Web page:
As if it was yesterday, we can still remember walking into London’s very first L’Artisan Parfumeur shop, in Chelsea Green, and having our eyes (and our noses) opened to a whole new world of fragrant possibilities.
When perfume historians look back, they’ll almost certain pinpoint the founding of L’Artisan Parfumeur in 1976 – by a Frenchman, Jean-François Laporte – as the birth of ‘niche’, or ‘connoisseur’, perfumery, which is such a strong trend today.
If anything, L’Artisan Parfumeur today is fizzing with more excitement than ever – as you’re about to find out. But first, let’s step back in time a moment, to trace its roots. Monsieur Laporte’s capsule collection of fragrances – including the epoch-making, blackberry-inspired Mûre et Musc – born out of the French tradition of the art of fragrance, seeking to bring French savoir-faire, craftsmanship and authenticity. Mûre et Musc (below) became ‘THE fragrance of the Parisian woman’, explains influential fashion and beauty blogger Garance Duré. L’Eau d’Ambre, which also remains in the collection today, was another trailblazer.
In 1976, fragrance was playing an ever-bigger part in our lives – with blockbuster launches and designer names crowding the dressing tables of women just waking up (excitedly) to the idea of a ‘wardrobe’ of fragrances. But Jean-François Laporte‘s idea was to offer scents created in a more artisan style, often expressed through the use of the highest-quality naturals.
His first store opened – and word soon spread across the world, not just to London but Milan, Tokyo, New York. As Elle put it, L’Artisan Parfumeur‘s fragrances were ‘exclusive, chic and elegant’. Not only was there a hand-crafted approach to perfumery – and that focus on naturals – but poetry and imagination are a factor, to create fragrances ‘which can both delight and shock’. L’Artisan Parfumeur themselves liken smelling one of their creations as akin ‘to standing before a piece of contemporary sculpture, whose form and colour can be both disconcerting and amazing at the same time.’
Over the years, L’Artisan has collaborated with recognised masters in their olfactory field: names like Jean-Claude Ellena, Michel Almairac, Anne Flipo, Olivia Giacobetti – and new talents such as Karine Vinchon and Dora Baghriche Arnaud. Those ‘noses’ are renowned among serious perfumistas – but for anyone who’s not so familiar with their work, some time spent spritzing and dabbing your way through L’Artisan Parfumeur’s perfumed portfolio is a good way to say ‘hello’. Their creations have often proved ground-breaking, too: Olivia Giacobetti’s Premier Figuier, for instance, was the first-ever fragrance composed around a fig theme – setting a benchmark for countless others which followed in its wake.
40 years on from L’Artisan Parfumeur‘s launch, in 2016 the collection had a glorious contemporary makeover: the seven-sided bottles are now beautifully smoked (though hold them up to the light and each reveals the colour of the ‘juice’ inside). 2016 also saw the launch of a new and stunning collection for the perfume house, introducing a new rounded, bee-bedecked bottle shape: Natural Fabularis, intended to evoke a ‘dreamlike’ garden, with all six of the initial fragrances created by perfumer Daphné Bugey.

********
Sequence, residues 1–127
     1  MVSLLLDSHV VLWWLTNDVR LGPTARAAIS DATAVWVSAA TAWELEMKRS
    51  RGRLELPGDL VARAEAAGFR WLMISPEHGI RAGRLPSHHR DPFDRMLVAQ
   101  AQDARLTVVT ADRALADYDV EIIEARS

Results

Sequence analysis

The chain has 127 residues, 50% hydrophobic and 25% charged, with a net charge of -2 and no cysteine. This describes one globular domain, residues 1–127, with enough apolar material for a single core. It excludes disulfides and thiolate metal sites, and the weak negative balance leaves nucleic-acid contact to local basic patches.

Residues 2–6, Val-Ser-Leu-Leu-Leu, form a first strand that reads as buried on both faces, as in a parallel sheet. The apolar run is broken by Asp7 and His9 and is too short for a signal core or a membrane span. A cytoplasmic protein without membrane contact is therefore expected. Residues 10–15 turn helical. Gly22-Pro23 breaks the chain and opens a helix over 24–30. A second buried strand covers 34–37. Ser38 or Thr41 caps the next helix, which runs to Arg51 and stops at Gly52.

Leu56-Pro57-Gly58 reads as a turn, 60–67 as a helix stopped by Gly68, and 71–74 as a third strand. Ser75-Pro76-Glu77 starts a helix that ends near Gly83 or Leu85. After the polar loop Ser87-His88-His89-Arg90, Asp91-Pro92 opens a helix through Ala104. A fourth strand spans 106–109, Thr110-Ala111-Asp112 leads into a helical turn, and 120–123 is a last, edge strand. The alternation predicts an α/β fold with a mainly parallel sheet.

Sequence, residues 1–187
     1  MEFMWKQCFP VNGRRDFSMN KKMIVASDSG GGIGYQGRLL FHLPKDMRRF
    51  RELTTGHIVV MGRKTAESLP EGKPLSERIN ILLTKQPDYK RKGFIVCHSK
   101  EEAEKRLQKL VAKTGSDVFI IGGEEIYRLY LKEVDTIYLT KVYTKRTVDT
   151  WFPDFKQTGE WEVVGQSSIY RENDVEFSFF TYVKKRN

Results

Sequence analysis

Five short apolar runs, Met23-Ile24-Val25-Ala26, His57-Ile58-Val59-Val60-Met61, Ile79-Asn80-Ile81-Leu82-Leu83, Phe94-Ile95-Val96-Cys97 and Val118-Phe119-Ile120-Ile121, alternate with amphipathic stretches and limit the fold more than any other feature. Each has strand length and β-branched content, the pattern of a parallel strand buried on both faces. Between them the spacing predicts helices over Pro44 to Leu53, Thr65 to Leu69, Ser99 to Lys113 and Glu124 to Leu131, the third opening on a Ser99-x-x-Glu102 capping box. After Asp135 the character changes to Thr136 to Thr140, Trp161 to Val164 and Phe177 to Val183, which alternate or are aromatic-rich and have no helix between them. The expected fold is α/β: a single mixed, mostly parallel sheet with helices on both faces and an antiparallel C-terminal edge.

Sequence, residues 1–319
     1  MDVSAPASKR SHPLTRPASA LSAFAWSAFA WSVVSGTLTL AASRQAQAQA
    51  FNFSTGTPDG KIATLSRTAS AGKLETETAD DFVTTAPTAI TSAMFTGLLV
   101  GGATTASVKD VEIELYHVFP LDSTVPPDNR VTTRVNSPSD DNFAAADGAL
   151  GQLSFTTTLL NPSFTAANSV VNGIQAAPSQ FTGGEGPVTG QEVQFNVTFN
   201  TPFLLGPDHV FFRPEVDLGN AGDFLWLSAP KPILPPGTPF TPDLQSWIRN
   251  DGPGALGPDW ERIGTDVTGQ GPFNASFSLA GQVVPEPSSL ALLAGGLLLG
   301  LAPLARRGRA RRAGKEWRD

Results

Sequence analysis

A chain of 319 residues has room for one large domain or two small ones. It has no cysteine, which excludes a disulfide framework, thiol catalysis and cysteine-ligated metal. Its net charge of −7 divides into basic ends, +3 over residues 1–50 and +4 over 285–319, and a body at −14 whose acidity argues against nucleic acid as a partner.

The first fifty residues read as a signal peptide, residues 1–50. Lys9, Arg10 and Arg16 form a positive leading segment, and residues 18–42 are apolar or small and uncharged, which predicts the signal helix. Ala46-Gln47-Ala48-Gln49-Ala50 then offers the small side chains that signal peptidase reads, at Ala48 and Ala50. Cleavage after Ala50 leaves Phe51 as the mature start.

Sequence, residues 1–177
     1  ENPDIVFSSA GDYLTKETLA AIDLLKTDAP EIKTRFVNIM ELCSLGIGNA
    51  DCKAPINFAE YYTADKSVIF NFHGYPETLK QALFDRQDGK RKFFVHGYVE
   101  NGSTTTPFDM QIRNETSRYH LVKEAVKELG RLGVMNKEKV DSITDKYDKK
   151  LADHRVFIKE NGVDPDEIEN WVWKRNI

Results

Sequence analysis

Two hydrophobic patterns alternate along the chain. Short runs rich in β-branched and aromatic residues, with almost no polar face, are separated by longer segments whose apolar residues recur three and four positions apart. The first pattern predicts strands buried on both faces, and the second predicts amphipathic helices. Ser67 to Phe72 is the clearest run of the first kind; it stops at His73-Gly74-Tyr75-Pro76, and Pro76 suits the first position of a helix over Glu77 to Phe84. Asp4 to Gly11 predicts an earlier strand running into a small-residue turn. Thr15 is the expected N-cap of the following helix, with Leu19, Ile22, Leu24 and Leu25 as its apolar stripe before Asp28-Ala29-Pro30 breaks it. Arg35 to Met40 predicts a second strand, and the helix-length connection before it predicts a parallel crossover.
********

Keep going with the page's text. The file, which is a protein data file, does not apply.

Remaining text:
The number prefixes before each name are fascinating: they represent the number of ‘modifications’ (try-outs, in non-perfume-speak) which were required before each fragrance was declared ‘perfect’. Astonishingly, then, 2 Violacea only took two attempts before being green-lighted, while swirl-of-incense 60 Mirabilis took 60 ‘mods’ before everyone was happy. (As they definitely should be.)
Even today, everything is crafted in France – not just perfumes for the skin (always packaged in seven-sided bottles, the distinctive signature of L’Artisan Parfumeur), but divine scented candles and home products. The hand-crafted Amber Balls’, crafted in the North of France by a mother and daughter, are one of the nicest ways we know to scent a lingerie or knitwear drawer, with a solid version of L’Artisan Parfumeur‘s golden amber scent hidden in the heart of each…
Stand-alone stores were a key part of the L’Artisan Parfumeur experience (though of course, the collection is available more widely in fine perfumeries and department stores, spanning the globe). If you’ve never stepped inside one of the boutiques, they’re a treat for the senses – always with the most informed staff, ready to help you hand-pick ‘your’ scent.
When next in Paris, do your senses a favour and strike out for Rue Vignon, or Boulevard Raspail, or the stunning new Boulevard Saint-Germain store, which you can see on the right – just click here for their Store Finder page. And we defy you not to get as excited as we did, when we first walked into that boutique, all those years ago…